best. As long as there are dif-
ferent sizes of oranges, there
will be customers willing to pay
more for the largest and juici-
est."
In these words Stanley
Marcus, one of the co-
founders of Neiman-Mar-
cus, lay a truth that our nation
must embrace. That truth is this:
the key to our continued and
increased prosperity as a nation
is our ability to produce the
best.
What is that great shield that
will protect us from succumb-
ing to any negative effects of
globalisation, trade liberalisa-
tion or increased international
competition?
* What is it that which will
transform the challenges of the
CSME, FTAA, WTO or open-
ing up of Cuba into opportuni-
ties for our further national
development?

The answer is an unre-
lenting commitment on


STRAIGHT

Z H IVA R G
the part of a critical mass of
Bahamians to produce the high-
est quality in every aspect of
their lives. It is a resolve to do
with all their might every decent
endeavour to which they put
their hands.
Let there be no mistake about
it, there are Bahamians who
have already embarked on this
quest for the best.
I interact with a number of
them weekly: that barber who
takes care both trimming his
customer's hair and explaining
what the customer can do fur-
ther to care for his hair; that
waitress who watches her table
like a hawk waiting to attend to
the most subtle need of her din-
ing guests; that food vendor
who takes immaculate care of
her surroundings to ensure that
her customers are guarded
against health risk; and that
roofing contractor who
responds to every query of his
clients, even when they seem
unreasonable.-
There are on every island in
our nation these heroes of qual-
ity. What is absent is sufficient
of such persons to define a
national culture of quality dis-
tinguished in the world as exem-
plary.

Can we produce this
national culture of
quality? Can we create a critical
mass of Bahamians, young and


There are on every island in
our nation these heroes of
quality. What is absent is
sufficient of such persons to
define a national culture of
quality distinguished in the
world as exemplary.


UP TALK


LAIN


old, for whom a quest for, the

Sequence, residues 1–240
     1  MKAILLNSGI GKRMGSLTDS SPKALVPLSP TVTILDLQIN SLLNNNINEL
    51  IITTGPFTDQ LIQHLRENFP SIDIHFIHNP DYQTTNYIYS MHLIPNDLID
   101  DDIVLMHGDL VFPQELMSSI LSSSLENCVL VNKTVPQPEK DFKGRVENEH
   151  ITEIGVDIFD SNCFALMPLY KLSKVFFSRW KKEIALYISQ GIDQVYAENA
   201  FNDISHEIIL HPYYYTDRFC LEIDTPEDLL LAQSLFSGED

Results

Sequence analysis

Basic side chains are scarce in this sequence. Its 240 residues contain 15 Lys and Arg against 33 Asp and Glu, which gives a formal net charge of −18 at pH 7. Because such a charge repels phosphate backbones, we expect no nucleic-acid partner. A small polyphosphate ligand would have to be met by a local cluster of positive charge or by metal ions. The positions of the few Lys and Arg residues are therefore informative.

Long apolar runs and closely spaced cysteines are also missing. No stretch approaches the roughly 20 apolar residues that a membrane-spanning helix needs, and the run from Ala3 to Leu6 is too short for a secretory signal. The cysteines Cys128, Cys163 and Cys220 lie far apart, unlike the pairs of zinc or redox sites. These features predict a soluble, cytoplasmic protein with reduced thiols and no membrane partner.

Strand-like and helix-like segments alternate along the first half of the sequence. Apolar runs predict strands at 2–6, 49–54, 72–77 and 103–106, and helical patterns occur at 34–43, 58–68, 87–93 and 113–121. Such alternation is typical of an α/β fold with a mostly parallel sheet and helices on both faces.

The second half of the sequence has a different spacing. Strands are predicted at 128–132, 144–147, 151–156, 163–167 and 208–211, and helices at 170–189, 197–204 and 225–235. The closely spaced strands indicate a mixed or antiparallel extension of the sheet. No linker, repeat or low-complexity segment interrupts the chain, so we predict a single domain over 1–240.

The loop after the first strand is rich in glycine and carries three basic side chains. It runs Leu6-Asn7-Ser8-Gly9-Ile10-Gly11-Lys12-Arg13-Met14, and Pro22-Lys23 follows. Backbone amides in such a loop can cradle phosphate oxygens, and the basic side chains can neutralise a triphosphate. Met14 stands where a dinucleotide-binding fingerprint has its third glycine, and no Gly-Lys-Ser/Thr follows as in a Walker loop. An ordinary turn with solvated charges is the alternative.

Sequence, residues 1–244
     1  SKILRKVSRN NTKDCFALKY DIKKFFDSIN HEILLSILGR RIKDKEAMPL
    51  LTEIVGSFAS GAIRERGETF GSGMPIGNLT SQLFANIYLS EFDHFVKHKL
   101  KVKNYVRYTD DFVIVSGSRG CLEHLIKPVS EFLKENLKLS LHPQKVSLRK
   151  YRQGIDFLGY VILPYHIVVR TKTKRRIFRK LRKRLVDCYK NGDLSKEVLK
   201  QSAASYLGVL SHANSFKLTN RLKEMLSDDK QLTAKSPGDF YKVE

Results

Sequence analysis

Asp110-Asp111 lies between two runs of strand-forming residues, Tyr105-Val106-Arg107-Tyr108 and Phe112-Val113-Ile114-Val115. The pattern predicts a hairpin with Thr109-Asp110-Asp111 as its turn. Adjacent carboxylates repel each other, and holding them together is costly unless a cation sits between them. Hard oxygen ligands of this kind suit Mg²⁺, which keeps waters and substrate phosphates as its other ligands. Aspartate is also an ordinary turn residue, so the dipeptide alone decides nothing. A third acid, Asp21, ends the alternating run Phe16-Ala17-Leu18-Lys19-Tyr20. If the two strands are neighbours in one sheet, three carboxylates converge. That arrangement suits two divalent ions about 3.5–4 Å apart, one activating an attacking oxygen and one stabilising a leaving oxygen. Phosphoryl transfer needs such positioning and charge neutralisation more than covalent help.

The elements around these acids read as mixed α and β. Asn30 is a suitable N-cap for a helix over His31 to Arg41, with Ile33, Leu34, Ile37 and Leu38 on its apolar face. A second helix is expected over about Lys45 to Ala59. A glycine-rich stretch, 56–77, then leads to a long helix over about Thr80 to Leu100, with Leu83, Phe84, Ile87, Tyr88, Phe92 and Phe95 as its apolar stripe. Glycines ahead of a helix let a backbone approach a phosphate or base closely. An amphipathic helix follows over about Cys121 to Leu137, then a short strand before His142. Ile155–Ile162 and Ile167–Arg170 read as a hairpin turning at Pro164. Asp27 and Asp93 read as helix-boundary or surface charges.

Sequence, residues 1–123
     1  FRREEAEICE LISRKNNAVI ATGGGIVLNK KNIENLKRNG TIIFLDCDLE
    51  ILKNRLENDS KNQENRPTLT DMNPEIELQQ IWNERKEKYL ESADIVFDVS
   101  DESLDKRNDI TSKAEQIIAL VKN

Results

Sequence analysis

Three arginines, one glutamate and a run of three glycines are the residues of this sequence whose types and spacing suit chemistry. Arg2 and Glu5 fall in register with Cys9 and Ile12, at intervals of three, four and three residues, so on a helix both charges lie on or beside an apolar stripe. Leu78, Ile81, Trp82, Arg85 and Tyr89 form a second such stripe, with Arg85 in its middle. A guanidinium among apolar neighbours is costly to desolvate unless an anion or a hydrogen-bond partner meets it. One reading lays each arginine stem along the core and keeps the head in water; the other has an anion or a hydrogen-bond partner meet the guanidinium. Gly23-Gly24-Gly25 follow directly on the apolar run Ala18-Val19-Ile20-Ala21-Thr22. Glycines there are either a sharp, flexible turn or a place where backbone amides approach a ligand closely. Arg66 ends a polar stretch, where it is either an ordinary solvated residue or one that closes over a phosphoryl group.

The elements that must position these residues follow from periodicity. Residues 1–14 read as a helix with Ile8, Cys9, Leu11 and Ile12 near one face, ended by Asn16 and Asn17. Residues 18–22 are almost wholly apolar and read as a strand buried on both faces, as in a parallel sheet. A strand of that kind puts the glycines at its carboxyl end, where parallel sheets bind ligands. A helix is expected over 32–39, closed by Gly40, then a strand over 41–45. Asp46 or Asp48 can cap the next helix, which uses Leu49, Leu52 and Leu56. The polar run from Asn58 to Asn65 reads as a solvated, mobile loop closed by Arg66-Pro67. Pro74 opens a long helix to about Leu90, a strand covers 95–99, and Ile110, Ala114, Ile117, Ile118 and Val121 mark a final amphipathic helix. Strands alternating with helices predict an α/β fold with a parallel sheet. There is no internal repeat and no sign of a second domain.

best is an unrelenting passion? I
believe we can, not in a year.or
a political term but perhaprin a
generation or two.
We must approach national
problem solving of this, nature
with a longer time horizon an
we tend to allow because ofthe
short-termism of our politics.
T oo often our view is
that politics and politi-
cians must solve a
problem.
The politician's view is that
he or she only has the time in
between general elections to
solve the problem; not an
unreasonable view considering
that if the problem endures he is
likely to be voted out.
The fact is, however, some of
the problems that we face in our
nation cannot be solved in
between elections and therefore
politics and politicians cannot
solve them in their time frames.
A national culture of quality is
one such problem. It needs
time.

W hat else does a
national culture of
quality need besides time to
develop? It needs national goals
that provide focus for the ambi-
tions of our people.
In education, health, politics,
business, religion, culture, fam-
ily life and so on we must have
national marks that we strive to
hit.
Ask your child's school what
is its goal in math, English, sci-
ence or career counselling. Ask
your pastor or priest what is the
goal in evangelism, devotion,
worship or service to the needy.
Ask your employer what is the
productivity goal. Ask your
national leaders what are the
legislative, policy, economic or
cultural goals. Ask yourself
what are your goals in personal
development, personal finance
and national service.,,
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THE TRIBUNE


PAGE 8, THURSDAY, MAY 19, 2005













culture of quality .


"The employee who does not earn his or her
wages in productivity should be fired. The busi-
ness that cannot compete in terms of quality or
price must be allowed to suffer the punishment
of the creative destruction of a free enterprise
system. And the politician who does not serve
the interest of his or her people must be voted
out."


some nebulous answer to these
questions or some broad plati-
tude around which you cannot
wrap your mind. A goal is spe-
cific, achievable, clear and time
sensitive.
Creating a national culture of
quality needs a more acute sys-
tem of punishment and rewards.
There is in our society too much
of a tendency to be soft on our-
selves.
Parents are too unwilling to
deny children the pleasures of
TV, PlayStation, Game Cube
and outings with friends when
they have failed to demonstrate
excellence in their efforts and
achievements.

The admonition "spare
the rod, spoil the child"
has not only lost its meaning in
terms of physical discipline, it
has lost its meaning in terms of
discipline, period. Bad, poor
and inadequate effort and out-
put must be punished every-
where.
The preacher who gives an
unfocused, ill-prepared sermon
must not be commended for so
doing. The educator who con-
stantly fails to produce lesson
plans must be removed from
the classroom rather than
rewarded with tenure.
This seemingly harsh system
of punishment will preserve a
sense of accountability if it is
enforced with regularity and
.consistency over time.,

C conversely, good deeds
must be promptly and.


properly rewarded. It is also
true that in our society we are
not so inclined to reward good
performance. Some parents
respond to their children's good
achievement with a bland
"that's nice, dear". That will not
cut it.
The child needs the same
enthusiasm with regard to his
or her achievements as with
regard to his or her failings. Too
many employers enjoy the ben-
efit of their workers productiv-
ity without sharing some of the
company's gains with those
workers.
"Let's grow together" should
be the calling card of today's
business culture. In leadership,